linen dishcloth

When the countertops and cutting boards, the faucets and the sink are all wiped down with a good clean cloth, I’m quite content. Keeping a stack of sturdy, beautiful cloths around for that purpose makes me feel a little more calm. I once hand-stitched a linen cloth and four years later it is still in excellent condition. Linen is stronger when wet, so it is ideal for the task. I imagine it doesn’t get musty or stain as easily, but I might just take extra care to hang it to dry, because it’s beautiful. Now I make them for the tried & true series in the shop. Useful, perennial favourites.

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Like rustic clothing, the difference between store-bought and handmade is often its strength. They’re certainly not cheaper than the imported cotton dishcloths I can easily buy, but then they last so long, and please me so much.

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To care for these linen cloths, I just throw them in the wash as usual, cold or medium, with a drop of tea tree oil to kill any germs. You can throw them in a medium dryer too, though it’s best to take them out while still damp, lay them on a flat, waterproof surface like the top of the dryer, and block them. Block them?

linen-cloth-pewter

Blocking is what you do to shape any knit, woven, crocheted piece, and is simple arranging it back into shape and allowing it to dry that way. You can get fancy with special pins and boards, if you were blocking pieces of a sweater before sewing it, so that it would fit perfectly together. But for the linen dish cloths, you’re just laying them flat while they’re wet or damp, and patting, pulling, shaping back to a square, then leaving them to dry. Shaping is ten-second task. No harm in skipping this part, either. It does please me to see them back in their fine shape.

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Like the candlesticks, each one is unique, each one a variation in pattern. A little bit simple, a little bit ornate, and thoroughly handmade. I adore the texture and gloss of wet-spun linen, at once hardy plant fibre and fine silk, artless pastoral and opulence combined.

One bright day soon I’ll have the fine folks from Flax-to-Linen round to the lake to demonstrate the wonderful process of transforming flax to gold. Stay tuned. There’s a wonderful old bit of Canadiana on the subject, too.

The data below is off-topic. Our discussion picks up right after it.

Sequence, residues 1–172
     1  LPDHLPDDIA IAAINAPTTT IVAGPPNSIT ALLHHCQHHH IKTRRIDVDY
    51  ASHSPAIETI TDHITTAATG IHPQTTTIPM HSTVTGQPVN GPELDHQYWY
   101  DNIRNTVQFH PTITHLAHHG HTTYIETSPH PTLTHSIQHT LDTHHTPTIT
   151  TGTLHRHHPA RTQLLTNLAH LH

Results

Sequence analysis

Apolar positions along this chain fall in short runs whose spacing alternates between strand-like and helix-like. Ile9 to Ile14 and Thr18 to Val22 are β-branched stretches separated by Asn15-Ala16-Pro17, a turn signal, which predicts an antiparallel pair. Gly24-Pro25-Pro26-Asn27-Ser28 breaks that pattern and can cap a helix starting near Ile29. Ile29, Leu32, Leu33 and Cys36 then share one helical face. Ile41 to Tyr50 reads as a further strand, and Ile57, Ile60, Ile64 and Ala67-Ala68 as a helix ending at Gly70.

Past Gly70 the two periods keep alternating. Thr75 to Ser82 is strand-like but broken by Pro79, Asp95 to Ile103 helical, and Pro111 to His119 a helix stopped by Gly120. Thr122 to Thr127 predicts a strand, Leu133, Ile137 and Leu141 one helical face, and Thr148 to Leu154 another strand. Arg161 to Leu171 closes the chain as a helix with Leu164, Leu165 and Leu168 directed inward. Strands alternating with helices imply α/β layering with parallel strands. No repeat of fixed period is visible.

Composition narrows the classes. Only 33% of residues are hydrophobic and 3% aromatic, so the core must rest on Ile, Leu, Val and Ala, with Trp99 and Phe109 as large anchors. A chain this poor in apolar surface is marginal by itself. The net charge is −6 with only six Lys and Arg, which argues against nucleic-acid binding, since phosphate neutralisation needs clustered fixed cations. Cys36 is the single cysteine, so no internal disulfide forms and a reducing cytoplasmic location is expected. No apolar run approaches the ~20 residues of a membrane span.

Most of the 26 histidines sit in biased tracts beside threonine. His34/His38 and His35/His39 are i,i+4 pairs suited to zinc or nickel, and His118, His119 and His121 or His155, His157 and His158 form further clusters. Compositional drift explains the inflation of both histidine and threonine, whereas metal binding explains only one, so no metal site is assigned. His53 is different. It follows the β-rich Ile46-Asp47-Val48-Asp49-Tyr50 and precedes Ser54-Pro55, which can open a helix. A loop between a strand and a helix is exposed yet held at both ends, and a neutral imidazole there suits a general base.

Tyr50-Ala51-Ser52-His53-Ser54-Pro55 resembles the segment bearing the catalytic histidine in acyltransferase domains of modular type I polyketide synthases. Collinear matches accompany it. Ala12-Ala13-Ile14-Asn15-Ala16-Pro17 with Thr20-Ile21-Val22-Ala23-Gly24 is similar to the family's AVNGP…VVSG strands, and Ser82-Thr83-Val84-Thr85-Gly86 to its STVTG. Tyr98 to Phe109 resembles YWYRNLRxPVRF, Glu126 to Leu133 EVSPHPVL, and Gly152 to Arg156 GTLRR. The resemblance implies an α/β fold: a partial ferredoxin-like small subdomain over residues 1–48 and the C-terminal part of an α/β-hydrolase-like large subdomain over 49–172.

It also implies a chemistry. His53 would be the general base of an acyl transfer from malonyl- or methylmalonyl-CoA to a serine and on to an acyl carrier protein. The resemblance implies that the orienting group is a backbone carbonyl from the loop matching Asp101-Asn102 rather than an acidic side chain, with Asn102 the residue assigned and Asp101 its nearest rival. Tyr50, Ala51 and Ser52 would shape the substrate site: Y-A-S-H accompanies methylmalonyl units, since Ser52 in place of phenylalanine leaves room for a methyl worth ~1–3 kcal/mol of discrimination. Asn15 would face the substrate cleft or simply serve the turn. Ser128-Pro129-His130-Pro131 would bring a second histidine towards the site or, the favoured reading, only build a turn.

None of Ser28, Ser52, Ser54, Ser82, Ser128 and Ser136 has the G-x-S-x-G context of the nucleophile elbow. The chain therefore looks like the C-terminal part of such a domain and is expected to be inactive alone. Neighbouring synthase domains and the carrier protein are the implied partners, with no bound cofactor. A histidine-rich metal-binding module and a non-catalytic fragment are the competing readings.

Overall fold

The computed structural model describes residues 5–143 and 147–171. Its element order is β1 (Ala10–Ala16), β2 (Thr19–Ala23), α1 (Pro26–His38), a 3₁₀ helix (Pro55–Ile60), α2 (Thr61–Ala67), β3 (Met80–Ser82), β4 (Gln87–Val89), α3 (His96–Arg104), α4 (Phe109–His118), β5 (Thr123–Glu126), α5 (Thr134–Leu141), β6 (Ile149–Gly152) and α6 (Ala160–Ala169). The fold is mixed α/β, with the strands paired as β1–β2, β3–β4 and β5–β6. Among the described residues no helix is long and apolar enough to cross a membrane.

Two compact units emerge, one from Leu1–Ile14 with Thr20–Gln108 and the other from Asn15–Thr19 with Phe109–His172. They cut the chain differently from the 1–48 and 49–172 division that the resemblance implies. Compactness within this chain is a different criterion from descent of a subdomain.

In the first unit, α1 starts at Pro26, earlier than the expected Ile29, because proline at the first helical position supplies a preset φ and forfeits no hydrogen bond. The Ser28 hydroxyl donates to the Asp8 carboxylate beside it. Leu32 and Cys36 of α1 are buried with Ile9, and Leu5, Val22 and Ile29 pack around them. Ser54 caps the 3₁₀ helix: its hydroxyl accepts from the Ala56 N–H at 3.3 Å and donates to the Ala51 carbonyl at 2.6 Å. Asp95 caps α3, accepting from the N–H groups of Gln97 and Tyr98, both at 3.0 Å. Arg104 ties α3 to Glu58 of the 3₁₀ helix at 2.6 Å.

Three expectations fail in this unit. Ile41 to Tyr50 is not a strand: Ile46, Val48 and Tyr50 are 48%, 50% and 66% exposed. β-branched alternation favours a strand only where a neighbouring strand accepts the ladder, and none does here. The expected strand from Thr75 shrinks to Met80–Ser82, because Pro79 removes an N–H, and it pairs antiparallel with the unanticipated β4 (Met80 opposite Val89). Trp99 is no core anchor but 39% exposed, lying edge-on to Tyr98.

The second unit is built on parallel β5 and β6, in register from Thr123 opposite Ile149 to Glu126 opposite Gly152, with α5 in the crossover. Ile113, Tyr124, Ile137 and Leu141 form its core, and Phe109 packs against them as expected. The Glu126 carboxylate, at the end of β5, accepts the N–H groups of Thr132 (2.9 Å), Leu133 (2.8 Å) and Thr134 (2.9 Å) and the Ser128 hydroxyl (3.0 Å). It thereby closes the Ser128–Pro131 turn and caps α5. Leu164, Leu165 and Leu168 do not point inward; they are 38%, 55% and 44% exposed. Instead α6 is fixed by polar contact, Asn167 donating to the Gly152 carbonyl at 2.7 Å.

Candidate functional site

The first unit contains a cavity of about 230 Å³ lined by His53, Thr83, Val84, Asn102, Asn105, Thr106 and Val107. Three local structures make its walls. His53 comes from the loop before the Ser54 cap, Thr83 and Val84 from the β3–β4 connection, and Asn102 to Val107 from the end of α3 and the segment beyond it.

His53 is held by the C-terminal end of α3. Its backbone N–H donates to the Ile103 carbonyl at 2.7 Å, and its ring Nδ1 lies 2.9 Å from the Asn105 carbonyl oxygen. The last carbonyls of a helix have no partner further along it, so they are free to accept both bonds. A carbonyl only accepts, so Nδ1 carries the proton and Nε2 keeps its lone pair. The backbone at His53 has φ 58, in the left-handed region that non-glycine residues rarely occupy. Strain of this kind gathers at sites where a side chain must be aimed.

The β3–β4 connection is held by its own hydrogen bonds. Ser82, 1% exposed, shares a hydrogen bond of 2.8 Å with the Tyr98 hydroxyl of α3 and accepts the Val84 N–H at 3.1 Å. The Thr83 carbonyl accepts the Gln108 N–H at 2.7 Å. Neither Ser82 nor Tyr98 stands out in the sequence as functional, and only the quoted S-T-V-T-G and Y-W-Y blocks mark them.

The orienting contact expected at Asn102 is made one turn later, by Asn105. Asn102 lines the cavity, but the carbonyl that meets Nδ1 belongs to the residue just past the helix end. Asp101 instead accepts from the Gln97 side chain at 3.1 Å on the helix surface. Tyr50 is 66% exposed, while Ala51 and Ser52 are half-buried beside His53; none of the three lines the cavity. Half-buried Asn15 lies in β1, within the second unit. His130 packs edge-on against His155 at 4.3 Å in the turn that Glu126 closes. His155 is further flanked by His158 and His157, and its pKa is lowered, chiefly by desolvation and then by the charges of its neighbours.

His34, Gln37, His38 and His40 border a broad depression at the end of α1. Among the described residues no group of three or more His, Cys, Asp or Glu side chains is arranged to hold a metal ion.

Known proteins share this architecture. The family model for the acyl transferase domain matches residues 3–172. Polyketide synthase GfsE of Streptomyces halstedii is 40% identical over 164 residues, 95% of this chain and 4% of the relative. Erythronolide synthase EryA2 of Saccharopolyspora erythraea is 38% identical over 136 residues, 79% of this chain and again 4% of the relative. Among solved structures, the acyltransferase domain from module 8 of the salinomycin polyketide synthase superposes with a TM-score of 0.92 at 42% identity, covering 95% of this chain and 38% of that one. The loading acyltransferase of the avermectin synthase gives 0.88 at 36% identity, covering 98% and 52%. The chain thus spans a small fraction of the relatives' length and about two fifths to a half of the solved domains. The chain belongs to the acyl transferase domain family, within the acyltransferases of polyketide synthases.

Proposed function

linen-cloth-natural

The linen cloths make a nice accompaniment to the natural sponge, my trusty stiff brush, and a stack of colourful tea towels. Elegant tools make the work far easier, far more agreeable, I think.

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If you’re in Vancouver, pick out your favourite handmade linen cloths on Main Street at the fabulous shop, Nineteen Ten. They have appleturnover’s handthrown candlesticks too!

hopscotch

Peevers, peeverels, pabats, piko, bebeleche, kith-kith, laylay, potsy, pon, delech, avioncito, scotch hobbies, hop-score! Peregrina, rayuela, bebeleche, amarelinha, rrasavi, thikrya, marelle ronde, himmel und hölle, hopscotch! When a game dates back to the 17th century, and possibly to the Romans, it usually passed through cultures and played around the world, with variations in name and technique accordingly. Here’s an illustrated guide to hopscotch, one of those good old fashioned games that hasn’t wavered in popularity these four hundred years. Unlike jacks and marbles, there’s no need for revival, no generation missed – long live scotch hobbies!

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First, toss the pebble into a square, not touching any scotches or scores.

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Then hop, not touching a line, nor falling out, or forfeit.

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Land on a pair with one foot neatly inside each square.

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Leap over the square with the stone.

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Hop. If one has no chalk and paving, a stick in the dirt will do. I admire a game with great simplicity of materials.